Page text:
- Various soups should work too such as minestrone, veggie barley, split pea etc.
Cheers and let us know how it all turns out. :)
In addition to soups, stews, curries, and other easily reheatable things, I would recommend that you keep trying grain, bean, or lentil salads. They aren't all annoying to make. Some from my bookmarks:
And I totally know what you mean about butternut squash. Unless it's a recipe where I roast and scoop, not peel, I usually substitute sweet potatoes instead. Which reminds me of another recipe:
And, as a vegetarian, thanks for being so kind to your sitter :)
I wouldn't make something separate for her. Perhaps something both your kids and she can enjoy like macaroni and cheese, faux chicken noodle soup made with vegetable broth, pizza or grilled cheese and tomato soup. If she's as sweet as she seems, she would probably feel uncomfortable if you made something special just for her. I know that I would.
Easiest I know that fits the remit:
Use some high quality oil (ideally Canola and Sesame in a 70/30 ratio)
Slice and fry a large onion. Add other vegetables (potatoes, leeks, carrots, cabbage, anything really, but if you can add some burdock root or jerusalem artichokes this will really help with the flavour).
Add boiling water to the onions and vegetables and simmer.
Add some miso paste (a couple of tablespoons is fine, you can always add more) and stir in to the simmering vegetables. Miso is salty so don't season until it's added, if at all.
Turn off the heat and serve.
Can be left covered somewhere cool for a few days.
Add some brown rice and it becomes a meal, otherwise it's a nice accompaniment to other foods and snacks. You could always drop some cubed tofu in there for more protein.
The recipe was given to me by a guy who lived in the Japanese countryside for a few years, it's a big favourite with my omniverous family.
There's also a lovely smitten kitchen recipe for carrot soup with miso that was published recently if you need another use for miso. It's a very simple recipe also.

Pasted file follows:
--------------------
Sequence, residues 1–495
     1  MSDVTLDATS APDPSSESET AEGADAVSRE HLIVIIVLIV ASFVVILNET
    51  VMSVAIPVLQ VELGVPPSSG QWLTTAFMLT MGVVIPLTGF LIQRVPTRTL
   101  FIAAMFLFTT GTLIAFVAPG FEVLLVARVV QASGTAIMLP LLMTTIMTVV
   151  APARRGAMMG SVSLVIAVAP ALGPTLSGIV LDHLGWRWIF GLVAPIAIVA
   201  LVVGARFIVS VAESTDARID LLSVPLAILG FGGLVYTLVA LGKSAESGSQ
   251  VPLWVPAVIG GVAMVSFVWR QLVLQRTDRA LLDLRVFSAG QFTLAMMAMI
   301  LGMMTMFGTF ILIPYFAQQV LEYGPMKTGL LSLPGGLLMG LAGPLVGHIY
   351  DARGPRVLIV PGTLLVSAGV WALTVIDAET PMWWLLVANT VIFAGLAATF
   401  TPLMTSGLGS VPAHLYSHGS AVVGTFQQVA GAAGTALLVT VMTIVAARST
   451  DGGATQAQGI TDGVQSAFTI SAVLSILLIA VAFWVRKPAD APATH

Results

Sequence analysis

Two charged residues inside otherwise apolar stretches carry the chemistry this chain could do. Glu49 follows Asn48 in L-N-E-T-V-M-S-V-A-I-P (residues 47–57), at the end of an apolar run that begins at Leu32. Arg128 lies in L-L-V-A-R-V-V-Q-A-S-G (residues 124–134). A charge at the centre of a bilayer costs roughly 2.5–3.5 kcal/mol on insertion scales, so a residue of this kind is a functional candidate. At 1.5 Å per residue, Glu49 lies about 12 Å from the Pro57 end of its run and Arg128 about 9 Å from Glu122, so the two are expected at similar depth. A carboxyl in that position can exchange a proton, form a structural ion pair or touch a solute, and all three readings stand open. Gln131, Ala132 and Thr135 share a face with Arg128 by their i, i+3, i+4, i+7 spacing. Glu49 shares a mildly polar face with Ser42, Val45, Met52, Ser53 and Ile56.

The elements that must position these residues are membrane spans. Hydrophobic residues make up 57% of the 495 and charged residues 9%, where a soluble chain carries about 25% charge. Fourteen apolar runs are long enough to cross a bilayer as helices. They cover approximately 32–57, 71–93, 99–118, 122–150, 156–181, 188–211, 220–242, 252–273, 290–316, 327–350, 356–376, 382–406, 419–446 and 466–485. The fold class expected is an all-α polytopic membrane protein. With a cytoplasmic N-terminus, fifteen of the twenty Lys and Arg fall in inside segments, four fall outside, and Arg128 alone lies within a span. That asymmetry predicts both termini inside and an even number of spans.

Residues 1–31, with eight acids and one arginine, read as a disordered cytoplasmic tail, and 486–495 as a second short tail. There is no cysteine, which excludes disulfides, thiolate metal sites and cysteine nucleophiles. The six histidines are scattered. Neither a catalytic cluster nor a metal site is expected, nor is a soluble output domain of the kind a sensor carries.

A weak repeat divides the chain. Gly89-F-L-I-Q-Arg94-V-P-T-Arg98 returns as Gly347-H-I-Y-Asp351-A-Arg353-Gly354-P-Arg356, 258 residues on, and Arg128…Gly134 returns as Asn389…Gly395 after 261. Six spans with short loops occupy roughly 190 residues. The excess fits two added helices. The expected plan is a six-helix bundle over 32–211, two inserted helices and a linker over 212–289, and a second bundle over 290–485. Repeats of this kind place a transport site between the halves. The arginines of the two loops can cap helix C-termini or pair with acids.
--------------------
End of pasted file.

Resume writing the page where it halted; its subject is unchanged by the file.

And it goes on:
Buy in some good wholewheat bread to go with it and hopefully the kids will tuck in too.
This is my recipe for homemade manicotti di ricotta. I tend to be elaborate when I write everything out, but the crepes are super easy to make and it's a dish you can enjoy with your family. It's also great to make ahead and freeze for later; just defrost overnight in the fridge. Use your favorite marinara sauce and you're ready to feed a small crowd:
Makes 1 (11x17-inch), 1 (9 x 12-inch) and 1 (8x8-inch), or several smaller sized pans.
Salsa di Marinara:
Prepare marinara sauce and season to taste. Coat the bottom of the pans you'll be using with some of the sauce before adding the manicotti.
2 pounds Ricotta cheese
2 cups grated mozzarella cheese
1/2 cup grated parmigiano-reggiano
generous handful fresh parsley, finely chopped
salt and pepper to taste
Mix well and refrigerate a few hours in advance.
6 large eggs
1 1/2 cup milk, more if needed
1 1/2 cup water - added little at a time
3 cups flour
Pinch of salt
Beat the milk and eggs in the bowl of an electric mixer; add the flour and salt to combine. Incorporate the water slowly to thin out the batter, you might need more than 1 1/2 cups. (Keep extra milk and water on the side; batter should be thin, add more of either or a combination of both if needed).
Prepare marinara sauce and season to taste. Coat the pans you'll be using to layer the manicotti.
Cook the crepes on one side only! Line your counter with paper towels or waxed paper; flop over the crepes golden side up as you go. The paper absorbs excess moisture from the pale, opposite side, but this side will be dry to the touch by the time the crepe is cooked. The filling gets spooned on the top golden side on the edge of each crepe, then gets rolled so that only the paler side is visible.
Heat an 8-inch non-stick pan lightly coated with cooking spray on medium low heat (respray for each crepe). Use the smaller ladle if you have 2 sizes to spoon enough batter and thinly coat the bottom of the hot pan. Do not flip. Top of crepe should go from a light color to medium then back to light again (subtle color changes) as it dries, and should be opaque and dry to the touch by the time you remove it from the pan.
With your spatula remove the crepes from the pan as you go and flop over on paper towels. After you've made all the crepes, spoon about 1 tablespoon of filling for each crepe or as much as it will hold without overfilling, pressing the filling gently as you roll so it doesn't remain a clump. Begin lining the larger 11x17-inch or 9x12-inch casserole dish in a single layer (make a smaller pan with any remaining crepes). Spoon over tomato sauce and grated mozzarella if desired. Cook in a preheated 350 degree F oven for 10-15 minutes. Let rest for a few minutes before serving. Pans can also be frozen and defrosted in the refrigerator overnight if you wish to make in advance.